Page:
A Stanford law professor warns that we are likely to see more patent clashes between the consumer electronics and health tech worlds, and that the results can be both unpredictable and dramatic …
A quick recap on the Apple Watch ban
Back in 2013, Apple reportedly contacted health tech company Masimo to discuss a potential collaboration between the two companies. Instead, claims Masimo, Apple used the meetings to identify staff it wanted to poach. Masimo later called the meetings a “targeted effort to obtain information and expertise.”
Apple did indeed hire a number of Masimo staff, including the company’s chief medical officer, ahead of the launch of the Apple Watch.
Masimo CEO Joe Kiano later expressed concern that Apple may have been trying to steal the company’s blood oxygen sensor technology. The company describes itself as “the inventors of modern pulse oximeters,” and its tech is used in many hospitals.
In 2020, the company sued Apple for stealing trade secrets and infringing 10 Masimo patents. The lawsuit asked for an injunction on the sale of the Apple Watch. That court ruled against Apple on one of the claims.
The International Trade Commission (ITC) subsequently upheld this ruling, which imposed a ban on the import and sale of Apple Watches. That ban doesn’t officially take effect until December 25, but Apple decided to withdraw the devices from sale ahead of the deadline – and yesterday did just that.
There are still four potential ways the Watches could go back on sale, but there’s as yet no sign of this happening.
This ban may not be the last
A piece in the Financial Times says that this is unlikely to be the last patent clash between two different worlds, which are increasingly converging: consumer electronics and health tech. The paper’s Richard Waters likens it to what happened with the first smartphones.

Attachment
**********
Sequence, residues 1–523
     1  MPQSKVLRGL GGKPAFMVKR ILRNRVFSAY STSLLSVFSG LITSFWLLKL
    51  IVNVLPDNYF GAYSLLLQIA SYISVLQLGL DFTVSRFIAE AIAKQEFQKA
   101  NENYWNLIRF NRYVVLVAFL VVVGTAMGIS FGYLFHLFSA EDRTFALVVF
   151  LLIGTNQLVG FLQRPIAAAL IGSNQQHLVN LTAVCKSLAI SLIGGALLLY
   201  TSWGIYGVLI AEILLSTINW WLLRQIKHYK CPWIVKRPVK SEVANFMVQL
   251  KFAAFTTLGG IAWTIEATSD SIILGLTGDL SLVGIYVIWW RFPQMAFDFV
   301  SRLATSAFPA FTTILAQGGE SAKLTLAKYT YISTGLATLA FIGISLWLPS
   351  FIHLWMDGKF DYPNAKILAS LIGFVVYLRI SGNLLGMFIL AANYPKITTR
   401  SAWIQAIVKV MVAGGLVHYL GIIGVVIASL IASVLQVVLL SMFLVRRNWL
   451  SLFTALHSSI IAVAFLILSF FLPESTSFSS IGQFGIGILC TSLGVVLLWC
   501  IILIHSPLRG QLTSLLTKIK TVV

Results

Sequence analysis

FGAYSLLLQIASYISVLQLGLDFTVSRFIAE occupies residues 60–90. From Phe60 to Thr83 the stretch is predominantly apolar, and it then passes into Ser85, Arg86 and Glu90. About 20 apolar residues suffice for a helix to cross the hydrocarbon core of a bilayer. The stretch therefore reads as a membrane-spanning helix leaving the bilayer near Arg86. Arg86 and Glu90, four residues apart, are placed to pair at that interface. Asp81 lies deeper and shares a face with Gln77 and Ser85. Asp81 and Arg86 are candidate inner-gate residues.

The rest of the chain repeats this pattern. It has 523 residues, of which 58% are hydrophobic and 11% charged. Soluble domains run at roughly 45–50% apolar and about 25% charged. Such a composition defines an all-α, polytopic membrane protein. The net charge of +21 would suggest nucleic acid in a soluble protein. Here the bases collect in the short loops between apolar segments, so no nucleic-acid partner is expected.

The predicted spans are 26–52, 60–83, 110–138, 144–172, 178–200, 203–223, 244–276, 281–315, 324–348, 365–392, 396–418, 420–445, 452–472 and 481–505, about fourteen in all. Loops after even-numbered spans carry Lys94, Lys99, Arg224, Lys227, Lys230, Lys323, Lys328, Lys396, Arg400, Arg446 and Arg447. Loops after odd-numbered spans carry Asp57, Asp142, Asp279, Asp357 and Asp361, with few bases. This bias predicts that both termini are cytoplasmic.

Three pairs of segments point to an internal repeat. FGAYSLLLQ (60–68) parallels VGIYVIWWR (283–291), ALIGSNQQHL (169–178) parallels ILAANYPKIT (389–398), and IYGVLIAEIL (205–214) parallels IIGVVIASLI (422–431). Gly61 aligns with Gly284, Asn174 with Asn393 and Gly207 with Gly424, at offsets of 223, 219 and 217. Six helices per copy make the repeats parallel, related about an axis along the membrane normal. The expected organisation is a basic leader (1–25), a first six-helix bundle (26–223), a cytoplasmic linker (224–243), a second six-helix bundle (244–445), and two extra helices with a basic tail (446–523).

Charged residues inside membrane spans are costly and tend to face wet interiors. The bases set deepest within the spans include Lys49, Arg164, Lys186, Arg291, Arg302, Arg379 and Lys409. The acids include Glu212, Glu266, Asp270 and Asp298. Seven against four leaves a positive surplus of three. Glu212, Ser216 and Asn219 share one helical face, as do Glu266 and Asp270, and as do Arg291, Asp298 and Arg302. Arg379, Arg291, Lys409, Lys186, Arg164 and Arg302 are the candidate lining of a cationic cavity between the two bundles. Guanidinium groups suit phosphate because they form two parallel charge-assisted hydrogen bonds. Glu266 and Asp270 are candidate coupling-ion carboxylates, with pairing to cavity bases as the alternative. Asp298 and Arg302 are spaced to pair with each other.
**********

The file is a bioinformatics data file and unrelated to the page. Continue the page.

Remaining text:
The case is a dramatic demonstration of the collision of different IP regimes when digital technology moves into new markets. In the early days of smartphones, the convergence of mobile communications and computing produced a barrage of lawsuits between computing companies such as Apple and Google on the one hand, and mobile technology companies including Nokia and Motorola on the other. Much the same is now happening on a broader front as mobile computing invades markets including healthcare, where medical device companies have their own IP moats.
Stanford University law professor Mark Lemley argues that these battles have the potential for similar high-stakes outcomes in future.
Cases such as this have become “a very expensive game of chicken” because the final result is hard to predict and can have a very dramatic result, says Lemley.
One reason for this is that, while courts have a range of sanctions open to them when they find a patent has been infringed, the International Trade Commission (ITC) has only one: banning the products from the US.
Contrasts with AliveCor outcome
The unpredictability of such cases is underlined by a near-identical case where the Apple Watch Series 8 and Ultra were almost banned.
Exactly as with Masimo, AliveCor showcased some of its health tech to Apple, hoping to secure a partnership agreement. And again, that partnership never materialized, and Apple launched the tech on its own.
But Apple successfully applied to have all three patents declared invalid, and the ITC duly upheld that ruling, so the Apple Watch ban never took effect.
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